Almost 800 People in India’s Armed Forces Have Died by Suicide Since 2014: Govt Data
Over the last seven years, almost 800 Army, Navy, and Air Force personnel in the Indian military have died by suicide; this number speaks to an alarming trend around mental health and trauma management in defense forces and suggests the need to improve mental health care and institute suicide prevention mechanisms.
India currently has more than 14 lakh personnel in its armed forces, out of which the Army lost 591 soldiers to suicide; 36 people died from suicide in the Navy, and the Indian Air Force reported 160 deaths by suicide, the Minister of Defence Shripad Naik noted in a written reply in the Rajya Sabha on Monday. He also noted that almost 20 personnel died because of fratricide, i.e., they were killed by their own forces in conflict.
Concern over mental health and trauma management amongst defense forces has grown over the years. It was earlier reported that between 2010 and 2019, more than 1,100 Indian defense personnel died by suicide, with the Indian Army recording the most cases. By one estimate, one jawan dies by suicide every third day.
Family and conflict-related trauma contribute to personnel’s mental health. These may include the strain of deployment along border areas, in counter-insurgency operations in Jammu and Kashmir and the NorthEast, according to a report in the Times of India. Difficulty in tackling family problems — like marital issues, financial concerns, property disputes, and more — from a distance may also contribute to the mental health strain of jawans, the government says.
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The Defence Ministry report that revealed data on suicides also listed various preemptive measures and existing grievance mechanisms aimed at supporting jawan’s mental health. Defense Minister Naik reiterated these measures in his reply to Parliament this week, specifically: deployment of trained psychological counselors in combat zones, improved quality of food and clothing for personnel, stress counseling, having a ‘buddy system’ in place, providing accommodation to married partners, and liberalized leave system, along with suicide prevention policies. The Indian Navy has mental health centers in Mumbai, Visakhapatnam, Kochi, Port Blair, Goa, and Karwar where family counselors provide counseling, he said; similarly, the Army has specified mental health centers devoted to managing stress.
The government in the past has also mandated yoga exercises for jawans in an effort to improve mental wellbeing. But “if numbers are anything to go by,” Anando Bhakto writes in the Frontline, “the remedies are either not adequate or not implemented well.”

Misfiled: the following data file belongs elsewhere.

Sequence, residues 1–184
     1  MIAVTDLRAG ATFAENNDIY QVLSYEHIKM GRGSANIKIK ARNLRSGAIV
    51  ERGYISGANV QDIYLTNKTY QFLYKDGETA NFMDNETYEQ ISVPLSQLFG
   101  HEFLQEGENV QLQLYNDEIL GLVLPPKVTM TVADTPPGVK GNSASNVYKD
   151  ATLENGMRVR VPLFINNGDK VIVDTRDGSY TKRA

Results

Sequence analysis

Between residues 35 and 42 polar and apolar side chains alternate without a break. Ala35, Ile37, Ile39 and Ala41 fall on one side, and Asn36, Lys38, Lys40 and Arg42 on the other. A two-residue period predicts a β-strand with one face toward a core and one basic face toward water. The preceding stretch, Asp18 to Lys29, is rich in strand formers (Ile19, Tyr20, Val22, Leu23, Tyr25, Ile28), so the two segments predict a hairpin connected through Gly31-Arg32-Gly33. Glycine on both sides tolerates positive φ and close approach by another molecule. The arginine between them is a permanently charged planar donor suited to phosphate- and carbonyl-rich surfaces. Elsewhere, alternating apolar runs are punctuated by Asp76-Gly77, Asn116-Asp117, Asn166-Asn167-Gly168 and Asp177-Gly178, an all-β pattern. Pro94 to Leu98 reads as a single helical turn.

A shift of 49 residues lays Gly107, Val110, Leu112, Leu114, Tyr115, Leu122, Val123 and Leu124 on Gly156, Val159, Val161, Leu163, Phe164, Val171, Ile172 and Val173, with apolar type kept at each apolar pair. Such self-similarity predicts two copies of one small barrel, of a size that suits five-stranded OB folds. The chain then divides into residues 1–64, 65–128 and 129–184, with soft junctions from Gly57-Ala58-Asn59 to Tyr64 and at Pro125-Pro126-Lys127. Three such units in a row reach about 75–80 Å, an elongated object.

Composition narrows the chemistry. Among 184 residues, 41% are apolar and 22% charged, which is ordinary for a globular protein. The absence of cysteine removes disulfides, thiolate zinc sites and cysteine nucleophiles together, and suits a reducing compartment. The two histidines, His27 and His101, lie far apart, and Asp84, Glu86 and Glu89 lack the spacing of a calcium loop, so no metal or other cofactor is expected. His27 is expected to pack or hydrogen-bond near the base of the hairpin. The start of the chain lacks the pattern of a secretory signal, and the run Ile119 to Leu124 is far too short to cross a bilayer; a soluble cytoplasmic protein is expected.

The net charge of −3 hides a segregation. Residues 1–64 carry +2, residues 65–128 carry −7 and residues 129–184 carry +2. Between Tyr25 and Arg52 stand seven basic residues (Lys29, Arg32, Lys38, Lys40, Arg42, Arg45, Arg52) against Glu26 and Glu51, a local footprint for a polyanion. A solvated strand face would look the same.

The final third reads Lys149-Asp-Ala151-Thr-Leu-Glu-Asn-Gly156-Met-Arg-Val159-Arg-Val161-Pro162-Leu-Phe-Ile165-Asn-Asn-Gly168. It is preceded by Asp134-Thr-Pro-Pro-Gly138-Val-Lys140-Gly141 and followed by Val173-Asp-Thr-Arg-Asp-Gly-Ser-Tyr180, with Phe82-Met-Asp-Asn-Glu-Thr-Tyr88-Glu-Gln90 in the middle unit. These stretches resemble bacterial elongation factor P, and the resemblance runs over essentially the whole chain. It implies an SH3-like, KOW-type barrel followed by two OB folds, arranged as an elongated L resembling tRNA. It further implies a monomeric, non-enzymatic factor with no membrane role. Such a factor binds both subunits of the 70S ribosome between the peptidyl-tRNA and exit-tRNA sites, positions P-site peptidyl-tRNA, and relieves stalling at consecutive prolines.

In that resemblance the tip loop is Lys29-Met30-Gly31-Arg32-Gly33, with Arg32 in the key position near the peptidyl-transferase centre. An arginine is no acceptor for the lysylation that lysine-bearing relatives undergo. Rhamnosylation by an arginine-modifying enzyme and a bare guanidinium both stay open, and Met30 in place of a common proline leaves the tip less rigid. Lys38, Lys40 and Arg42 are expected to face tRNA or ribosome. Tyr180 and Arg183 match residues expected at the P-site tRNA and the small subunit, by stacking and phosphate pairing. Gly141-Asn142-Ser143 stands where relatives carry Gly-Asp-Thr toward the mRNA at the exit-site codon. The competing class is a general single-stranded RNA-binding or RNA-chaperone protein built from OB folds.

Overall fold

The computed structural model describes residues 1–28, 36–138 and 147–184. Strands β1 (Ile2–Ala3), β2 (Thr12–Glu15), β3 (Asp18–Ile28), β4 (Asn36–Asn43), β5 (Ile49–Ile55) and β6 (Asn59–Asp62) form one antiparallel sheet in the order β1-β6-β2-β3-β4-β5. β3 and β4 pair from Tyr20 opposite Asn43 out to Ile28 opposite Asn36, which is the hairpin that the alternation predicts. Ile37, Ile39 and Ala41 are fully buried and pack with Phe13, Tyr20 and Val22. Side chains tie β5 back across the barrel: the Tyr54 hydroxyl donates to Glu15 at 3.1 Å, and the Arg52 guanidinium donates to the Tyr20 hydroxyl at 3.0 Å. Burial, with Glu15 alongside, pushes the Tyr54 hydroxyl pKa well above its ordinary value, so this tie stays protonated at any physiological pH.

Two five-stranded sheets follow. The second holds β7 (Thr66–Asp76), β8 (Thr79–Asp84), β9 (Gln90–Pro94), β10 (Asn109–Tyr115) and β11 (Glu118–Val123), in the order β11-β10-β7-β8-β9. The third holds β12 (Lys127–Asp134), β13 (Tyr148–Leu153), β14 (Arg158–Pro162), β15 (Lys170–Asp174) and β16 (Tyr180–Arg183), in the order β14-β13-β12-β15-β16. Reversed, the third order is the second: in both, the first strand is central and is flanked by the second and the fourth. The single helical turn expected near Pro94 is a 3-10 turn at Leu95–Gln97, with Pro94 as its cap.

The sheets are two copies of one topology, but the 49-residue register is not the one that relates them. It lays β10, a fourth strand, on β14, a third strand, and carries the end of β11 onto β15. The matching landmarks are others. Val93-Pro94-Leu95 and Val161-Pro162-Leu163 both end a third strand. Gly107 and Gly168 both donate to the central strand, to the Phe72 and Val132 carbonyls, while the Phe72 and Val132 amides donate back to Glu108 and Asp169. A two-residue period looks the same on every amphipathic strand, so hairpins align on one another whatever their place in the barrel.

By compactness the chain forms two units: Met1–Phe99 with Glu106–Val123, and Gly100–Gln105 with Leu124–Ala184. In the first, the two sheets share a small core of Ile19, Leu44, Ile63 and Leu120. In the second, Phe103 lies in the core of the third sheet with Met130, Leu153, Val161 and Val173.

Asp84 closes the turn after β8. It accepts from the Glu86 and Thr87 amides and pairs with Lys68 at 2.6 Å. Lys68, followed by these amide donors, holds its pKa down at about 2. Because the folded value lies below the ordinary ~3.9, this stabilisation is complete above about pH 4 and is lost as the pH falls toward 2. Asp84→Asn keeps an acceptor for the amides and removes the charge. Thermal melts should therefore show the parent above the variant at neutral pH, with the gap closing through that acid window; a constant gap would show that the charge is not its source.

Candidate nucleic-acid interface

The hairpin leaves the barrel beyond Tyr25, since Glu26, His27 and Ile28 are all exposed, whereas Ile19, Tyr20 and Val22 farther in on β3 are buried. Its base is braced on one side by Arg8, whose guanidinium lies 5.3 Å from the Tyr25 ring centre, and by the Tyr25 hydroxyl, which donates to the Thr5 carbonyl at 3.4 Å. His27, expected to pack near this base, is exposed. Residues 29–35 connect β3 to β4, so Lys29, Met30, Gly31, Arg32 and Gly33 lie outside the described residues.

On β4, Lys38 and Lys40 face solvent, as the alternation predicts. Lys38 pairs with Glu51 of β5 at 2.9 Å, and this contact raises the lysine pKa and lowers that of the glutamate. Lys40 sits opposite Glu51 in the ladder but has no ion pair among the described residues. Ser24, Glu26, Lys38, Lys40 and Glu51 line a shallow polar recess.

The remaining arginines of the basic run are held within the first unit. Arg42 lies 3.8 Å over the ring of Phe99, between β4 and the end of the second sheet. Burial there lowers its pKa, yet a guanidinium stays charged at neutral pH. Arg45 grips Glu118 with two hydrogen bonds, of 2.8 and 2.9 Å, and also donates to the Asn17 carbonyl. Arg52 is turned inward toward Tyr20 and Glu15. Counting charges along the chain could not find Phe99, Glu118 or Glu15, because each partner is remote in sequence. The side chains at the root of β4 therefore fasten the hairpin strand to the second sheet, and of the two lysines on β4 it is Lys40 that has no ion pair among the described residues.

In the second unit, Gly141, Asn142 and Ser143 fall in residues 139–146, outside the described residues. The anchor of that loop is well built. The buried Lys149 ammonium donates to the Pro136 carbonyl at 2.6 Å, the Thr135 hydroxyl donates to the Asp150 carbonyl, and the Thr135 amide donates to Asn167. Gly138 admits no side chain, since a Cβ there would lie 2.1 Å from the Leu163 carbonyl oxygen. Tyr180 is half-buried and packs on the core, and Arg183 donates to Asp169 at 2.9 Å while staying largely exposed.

Retired officers and other reports, however, often place the blame on more institutional factors. Poor leadership, callous attitudes among seniors, and refusals to grant leave even in genuine need are some of the reasons military personnel may endure stress, a Modern Diplomacy article notes. Other commentators have pointed towards a larger governmental apathy around individual care.
The stigma around mental health also distances personnel from reaching out and seeking help. In a study published in the Medical Journal of Armed Forces India, 90% of patients studied admitted to experiencing some form of stigma, irrespective of age, rank, education, or mental conditioning; it also found that women experienced more stigma. The study reiterated that mental health stigma is a barrier to accessing mental health care. Moreover, the weight of patriarchy on gender roles determines how mental health is framed in public discourse. The gender ratio in all three — the Army, Navy, and Air Force — is skewed towards men.
The armed forces currently have a strength of over 9,100 women officers. According to another study, almost 40% of women defense personnel, who are rarely deputed for combat duty and are stationed on the ground, have died by suicide in India.
While the physical fitness of defense forces is much discussed, the discourse around mental health and trauma is fragile; stress and trauma can weigh heavily both in times of war and peace. The response thus has to fold in social biases and cultural inhibitions into national policies, particularly those protecting our armed forces.
Earlier this week, a new study showed India has the world’s fourth most powerful defense force in the world, a global hat-tip to our water, land, and air power. The two figures — one hailing India’s external might and the other echoing an internal toll — stand in sharp contrast. This offers an opportunity to introspect: perhaps, we can move beyond our restricted framing of armed forces — one that allows only nationalistic rhetoric and glib adulation to exist — and actually respond with the dignity, nuance, and care this conversation deserves.